Oracle's cloud blitz: Are there term limits on enterprise tech giants?
Oracle's selling machine is revving up for the cloud. What remains to be seen is whether customers go for Oracle's big sale or decide that incumbent enterprise vendors are more marketing machines and look elsewhere.
Oracle filled out its cloud strategy in a three-day blitz through New York that delivered a new version Solaris, which increasingly will power Exadata systems, an integrated Oracle Marketing Cloud, and migration tools for customers to move to software as a service. For good measure, Oracle showed user cloud app interface tweaks and talked strategy with analysts.
Add it up and it's clear the Oracle selling machine is revving up for the cloud. What remains to be seen is whether customers go for Oracle's big sale or decide that incumbent enterprise vendors are more marketing machines instead of innovation partners and look elsewhere.
The big question: Are there term limits on massive enterprise tech vendors? The point is worth noting as all the big companies you'd never get fired over buying from talk cloud, mobile, big data and other trends. SAP CEO Bill McDermott talked about how the suite will always win even in the cloud. Oracle President Mark Hurd on Tuesday said the company's goal is to be the best at every part of the (cloud) stack. IBM is also retooling to be a cloud player, but does have an interesting bet on cognitive computing rolling.
On the other side of the equation are companies like Workday, Salesforce as well as up-and-comers like Splunk, New Relic and Appdynamics, which are merging operational intelligence and business intelligence.
Oracle's cloud push---here's a ton of stuff go sell it---may work in many cases. Historically speaking, who can really argue with Oracle's acquire everything, integrate and sell it strategy?
But this time may be different. Here's a look at Oracle's strategy and what was rolled out this week:
Oracle's Marketing Cloud.The pitch here is that Oracle can break down data silos and meld IT and marketing into an integration machine that can find the best customers. Hurd in New York talked about how Oracle BlueKai, Oracle Content Marketing, Oracle Eloqua, and Oracle Responsys with Oracle Social Cloud are all integrated and enterprise ready in the Oracle Marketing Cloud. Challenge: it's worth noting that three of those parts are acquired. In many respects, the customer is lumping together best of breed parts as if you had Salesforce, Marketo and Adobe's marketing suite.
Customer 2 Cloud program. The idea behind this effort is to launch pre packaged cloud integrations and move HCM and CRM vendors to Oracle's cloud lineup. Think PeopleSoft and JD Edwards, on-premise applications, to Oracle's cloud. The integration services are a spin on the suite always wins and seen as a defense against Workday and Salesforce in many respects. Seats can be transferred to cloud subscriptions. SAP has a similar effort underway.
Solaris 11.2. The Unix-based operating system is an option on Oracle's integrated systems. The idea is that Solaris integration will be so strong that it'll be a cloud OS and include OpenStack. "We're trying to lead in each layer of the stack," said Hurd.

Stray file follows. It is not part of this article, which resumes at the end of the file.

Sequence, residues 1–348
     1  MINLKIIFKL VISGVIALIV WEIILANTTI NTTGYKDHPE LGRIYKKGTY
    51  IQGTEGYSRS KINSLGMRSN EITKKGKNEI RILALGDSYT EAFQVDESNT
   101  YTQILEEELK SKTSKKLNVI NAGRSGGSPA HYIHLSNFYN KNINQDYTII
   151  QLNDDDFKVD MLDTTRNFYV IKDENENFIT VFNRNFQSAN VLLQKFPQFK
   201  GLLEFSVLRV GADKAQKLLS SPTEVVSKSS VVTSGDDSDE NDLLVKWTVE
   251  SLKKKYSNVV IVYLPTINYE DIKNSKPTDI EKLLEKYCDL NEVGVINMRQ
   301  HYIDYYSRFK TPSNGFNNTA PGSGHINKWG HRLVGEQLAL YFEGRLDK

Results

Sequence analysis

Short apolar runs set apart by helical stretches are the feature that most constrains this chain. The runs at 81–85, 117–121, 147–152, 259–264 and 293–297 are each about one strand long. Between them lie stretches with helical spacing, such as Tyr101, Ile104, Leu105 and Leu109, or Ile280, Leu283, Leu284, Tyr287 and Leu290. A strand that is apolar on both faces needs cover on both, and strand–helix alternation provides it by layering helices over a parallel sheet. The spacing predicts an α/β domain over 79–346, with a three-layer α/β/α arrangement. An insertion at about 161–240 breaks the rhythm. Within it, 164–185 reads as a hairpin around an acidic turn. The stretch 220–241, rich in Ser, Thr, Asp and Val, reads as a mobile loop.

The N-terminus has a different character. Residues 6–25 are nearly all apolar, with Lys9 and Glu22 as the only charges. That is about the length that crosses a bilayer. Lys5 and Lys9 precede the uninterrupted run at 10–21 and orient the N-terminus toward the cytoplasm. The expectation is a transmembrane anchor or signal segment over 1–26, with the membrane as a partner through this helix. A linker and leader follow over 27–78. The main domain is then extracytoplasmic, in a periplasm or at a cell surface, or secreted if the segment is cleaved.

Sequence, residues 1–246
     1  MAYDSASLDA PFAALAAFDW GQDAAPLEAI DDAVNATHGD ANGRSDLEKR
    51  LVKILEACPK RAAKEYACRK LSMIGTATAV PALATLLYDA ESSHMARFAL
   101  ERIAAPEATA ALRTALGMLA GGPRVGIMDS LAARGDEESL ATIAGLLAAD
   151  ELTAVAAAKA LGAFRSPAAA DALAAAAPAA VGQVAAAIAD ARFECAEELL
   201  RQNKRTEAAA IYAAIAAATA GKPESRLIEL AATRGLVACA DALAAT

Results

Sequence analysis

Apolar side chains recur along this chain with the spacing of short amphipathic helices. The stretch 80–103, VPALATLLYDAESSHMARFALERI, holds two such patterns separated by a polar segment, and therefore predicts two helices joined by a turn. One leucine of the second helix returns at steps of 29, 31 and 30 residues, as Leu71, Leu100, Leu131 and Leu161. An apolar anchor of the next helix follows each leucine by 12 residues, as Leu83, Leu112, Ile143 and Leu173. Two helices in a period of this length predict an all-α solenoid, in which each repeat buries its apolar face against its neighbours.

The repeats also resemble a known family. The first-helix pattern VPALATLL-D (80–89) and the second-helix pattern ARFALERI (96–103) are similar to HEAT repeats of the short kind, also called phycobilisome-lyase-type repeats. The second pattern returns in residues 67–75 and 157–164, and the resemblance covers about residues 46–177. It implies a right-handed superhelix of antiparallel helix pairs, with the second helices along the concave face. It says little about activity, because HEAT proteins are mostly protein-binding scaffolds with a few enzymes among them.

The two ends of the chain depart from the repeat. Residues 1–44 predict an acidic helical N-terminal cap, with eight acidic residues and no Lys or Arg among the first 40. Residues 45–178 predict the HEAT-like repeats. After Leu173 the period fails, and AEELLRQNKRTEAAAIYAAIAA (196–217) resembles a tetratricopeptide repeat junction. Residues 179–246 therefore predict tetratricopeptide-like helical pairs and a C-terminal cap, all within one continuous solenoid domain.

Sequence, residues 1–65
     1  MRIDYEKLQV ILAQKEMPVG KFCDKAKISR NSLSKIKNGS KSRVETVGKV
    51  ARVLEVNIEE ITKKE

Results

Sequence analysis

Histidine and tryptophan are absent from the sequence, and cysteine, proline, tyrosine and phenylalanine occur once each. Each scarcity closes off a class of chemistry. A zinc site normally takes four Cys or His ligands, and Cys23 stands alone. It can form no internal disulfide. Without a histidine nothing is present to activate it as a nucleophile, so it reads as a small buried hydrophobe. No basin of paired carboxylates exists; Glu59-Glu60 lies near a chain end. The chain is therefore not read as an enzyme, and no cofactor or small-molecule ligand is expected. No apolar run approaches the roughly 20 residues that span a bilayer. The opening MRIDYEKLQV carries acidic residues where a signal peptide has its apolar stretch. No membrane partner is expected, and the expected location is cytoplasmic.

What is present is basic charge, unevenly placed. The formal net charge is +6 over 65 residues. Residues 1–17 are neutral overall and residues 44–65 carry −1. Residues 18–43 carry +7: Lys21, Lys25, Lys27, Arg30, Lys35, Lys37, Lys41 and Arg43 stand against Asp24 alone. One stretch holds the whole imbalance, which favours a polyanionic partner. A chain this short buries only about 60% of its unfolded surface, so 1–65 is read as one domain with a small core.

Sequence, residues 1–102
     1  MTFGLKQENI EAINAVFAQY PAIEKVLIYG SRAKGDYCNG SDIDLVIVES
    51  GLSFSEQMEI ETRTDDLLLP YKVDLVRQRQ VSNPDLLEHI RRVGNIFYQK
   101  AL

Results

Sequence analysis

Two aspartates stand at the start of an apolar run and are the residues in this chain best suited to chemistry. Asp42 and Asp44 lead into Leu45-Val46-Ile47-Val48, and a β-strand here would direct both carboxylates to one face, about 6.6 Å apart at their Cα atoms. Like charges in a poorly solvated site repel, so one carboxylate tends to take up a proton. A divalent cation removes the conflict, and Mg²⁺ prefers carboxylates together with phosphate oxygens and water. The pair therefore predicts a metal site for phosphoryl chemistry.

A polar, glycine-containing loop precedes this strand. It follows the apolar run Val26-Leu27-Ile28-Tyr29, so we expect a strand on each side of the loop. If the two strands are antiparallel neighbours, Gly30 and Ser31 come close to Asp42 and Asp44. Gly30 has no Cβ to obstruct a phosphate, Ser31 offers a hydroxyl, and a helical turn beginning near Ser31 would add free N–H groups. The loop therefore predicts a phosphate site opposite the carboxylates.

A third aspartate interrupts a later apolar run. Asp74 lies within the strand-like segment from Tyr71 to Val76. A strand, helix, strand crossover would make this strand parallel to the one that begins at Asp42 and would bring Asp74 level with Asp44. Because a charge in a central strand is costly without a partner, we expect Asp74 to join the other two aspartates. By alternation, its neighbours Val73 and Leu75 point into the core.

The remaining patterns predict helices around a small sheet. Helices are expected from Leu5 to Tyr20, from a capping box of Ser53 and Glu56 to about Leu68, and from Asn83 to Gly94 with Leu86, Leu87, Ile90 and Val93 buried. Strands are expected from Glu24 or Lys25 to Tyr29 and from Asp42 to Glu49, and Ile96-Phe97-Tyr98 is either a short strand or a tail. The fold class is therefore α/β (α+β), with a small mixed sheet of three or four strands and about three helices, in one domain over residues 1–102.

Demos of Oracle's cloud experience. Oracle also had a show-and-tell with its cloud applications and a bunch of iPad demos. Macquarie analyst Bred Zelnick and other analysts had the recap. Zelnick's key points:
Oracle's Fusion HCM and discounting could keep Workday at bay.
"After a full day of hands-on iPad demos, we feel good about Oracle’s comprehensive suite of cloud ERP, HCM, and CX applications. While the user interfaces were not all consistent, they were certainly modern and in many ways quite slick."
Information as a service and big data insights may be more important for cloud apps than function.
Oracle's stack as a service will be a tough sell against Amazon Web Services.
Clearly, Oracle has a lot to sell in the cloud. The catch is whether it'll cannibalize the on-premise gravy train. Oracle's cloud efforts could be seen as a way to keep customers instead of acquiring new ones. Wedbush analyst Steve Koenig noted:
Replacement cycles for enterprise applications (especially ERP) tend to be very long, but we expect adoption of Oracle’s SaaS applications to begin to drive organic growth for Oracle's cloud revenue. However, many customer examples today were drawn from PeopleSoft (and some Siebel) migrations, lending credence to our view that SaaS vendors such as Salesforce.com and Workday are gaining share at Oracle (and SAP’s) expense.
Those share gains from smaller rivals may lend some credibility to the term limit argument. IT buyers have to believe that the giants they've been buying technology from for years will get the cloud and innovate. For now, the burden of proof rests with the enterprise giants.
While the offering appears competitive and we appreciate Oracle’s history of execution, we question whether technology companies face term limits. Oracle itself has proven the best product doesn’t always win (think Informix), and there are many other examples of this in enterprise tech (i.e. Novell). We believe Oracle’s future success will be governed by its ability and willingness to cannibalize its existing on premise business and the market acceptance of Oracle as a cloud player.